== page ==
The prevalence of VRSA in three study periods
To analyze the trends for changes in the prevalence of VRSA in more recent years, we performed a subgroup analysis for three periods (< 2006, 2006–2014, and 2015–2020) (Table 2, Fig. 2). As shown in the Table 2, the prevalence of VRSA gradually increased from 2% (95% CI 0–4) of 466 strains before 2006 to 6% (95% CI 3–9) of 6692 strains in 2006–2014, reaching 7% (95% CI 4–11) of 5798 strains in 2015–2020. Thus, the frequency of VRSA during the years 2006–2014 represents a threefold increase over the years before 2006. Additionally, the frequency of VRSA during the years 2015–2020 represents a ~ 1.2-fold increase over the years before 2015. The changes in VRSA and VRSA from MRSA prevalence between periods are showed in Fig. 2. The prevalence of VRSA from MRSA gradually increased from 1% (95% CI 0–5) before 2006 to 5% (95% CI 0–14) in 2006–2014, reaching 6% (95% CI 0–10) in 2015–2020.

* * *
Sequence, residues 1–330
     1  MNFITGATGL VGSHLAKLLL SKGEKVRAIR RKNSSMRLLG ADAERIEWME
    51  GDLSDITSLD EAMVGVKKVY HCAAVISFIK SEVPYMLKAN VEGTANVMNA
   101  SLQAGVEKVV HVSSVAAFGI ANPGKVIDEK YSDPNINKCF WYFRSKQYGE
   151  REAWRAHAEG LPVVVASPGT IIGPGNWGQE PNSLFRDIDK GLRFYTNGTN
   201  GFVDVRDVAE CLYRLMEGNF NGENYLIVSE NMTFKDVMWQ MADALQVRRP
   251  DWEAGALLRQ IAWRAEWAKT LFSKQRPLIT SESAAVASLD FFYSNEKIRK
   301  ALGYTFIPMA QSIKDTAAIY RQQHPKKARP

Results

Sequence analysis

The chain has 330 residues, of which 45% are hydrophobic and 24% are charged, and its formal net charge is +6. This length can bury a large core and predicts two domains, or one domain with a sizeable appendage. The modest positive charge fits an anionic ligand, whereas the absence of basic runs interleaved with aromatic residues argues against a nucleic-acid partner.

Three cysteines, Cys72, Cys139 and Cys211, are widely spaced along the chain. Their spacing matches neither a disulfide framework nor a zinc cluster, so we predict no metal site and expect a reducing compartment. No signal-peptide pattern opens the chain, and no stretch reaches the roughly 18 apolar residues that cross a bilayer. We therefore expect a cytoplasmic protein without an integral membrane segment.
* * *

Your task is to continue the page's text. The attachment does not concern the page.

Prevalence of VRSA at different locations
The prevalence of VRSA differed among geographic regions in the subgroup analysis, as shown in Table 1 and Figs. 3, 4, 5. The prevalence of VRSA was 5% (95% CI 3–8) among 11,074 S. aureus isolates in Asia, 1% (95% CI 0–5) among 456 S. aureus isolates in Europe, 4% (95% CI 2–7) among 395 isolates in America, 3% (95% CI 0–17) among 171 isolates in South America and 16 (95% CI 3–35) among 720 isolates in Africa. There has been no report of VRSA from Oceania. The most frequent VRSA prevalence was 29% (95% CI 24–35) in Nigeria, followed by 18% (95% CI 12–26) in Saudi Arabia (Table 1 and Figs. 4, 5).
Prevalence of VRSA based on different clinical samples
In this subgroup analysis, we divided the VRSA strains into three groups (clinical, non-clinical, and both of them). In total, the frequency of VRSA was 14% (95% CI 0–44) in 501 S. aureus strains isolated from mixed (clinical, non-clinical) samples in four studies, higher than in the clinical samples in (6% [95% CI 4–8] in 11,891 S. aureus strains in 53 studies) (Table 1). The prevalence rate for VRSA was 7% (95% CI 1–15) in 424 non-clinical S. aureus strains in six studies.
Prevalence of VRSA based on AST methods